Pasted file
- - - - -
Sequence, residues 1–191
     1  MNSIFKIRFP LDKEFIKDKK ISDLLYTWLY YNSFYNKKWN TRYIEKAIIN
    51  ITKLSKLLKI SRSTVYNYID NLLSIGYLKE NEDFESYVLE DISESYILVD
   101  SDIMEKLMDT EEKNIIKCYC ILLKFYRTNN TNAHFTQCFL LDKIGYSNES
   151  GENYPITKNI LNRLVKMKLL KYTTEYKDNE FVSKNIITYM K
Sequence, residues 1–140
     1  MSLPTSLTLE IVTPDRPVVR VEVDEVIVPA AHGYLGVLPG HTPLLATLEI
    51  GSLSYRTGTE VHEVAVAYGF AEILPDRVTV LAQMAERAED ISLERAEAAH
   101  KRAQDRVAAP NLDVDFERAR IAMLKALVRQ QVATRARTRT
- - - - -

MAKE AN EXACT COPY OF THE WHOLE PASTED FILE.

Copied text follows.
Sequence, residues 1–191
     1  MNSIFKIRFP LDKEFIKDKK ISDLLYTWLY YNSFYNKKWN TRYIEKAIIN
    51  ITKLSKLLKI SRSTVYNYID NLLSIGYLKE NEDFESYVLE DISESYILVD
   101  SDIMEKLMDT EEKNIIKCYC ILLKFYRTNN TNAHFTQCFL LDKIGYSNES
   151  GENYPITKNI LNRLVKMKLL KYTTEYKDNE FVSKNIITYM K
Sequence, residues 1–140
     1  MSLPTSLTLE IVTPDRPVVR VEVDEVIVPA AHGYLGVLPG HTPLLATLEI
    51  GSLSYRTGTE VHEVAVAYGF AEILPDRVTV LAQMAERAED ISLERAEAAH
   101  KRAQDRVAAP NLDVDFERAR IAMLKALVRQ QVATRARTRT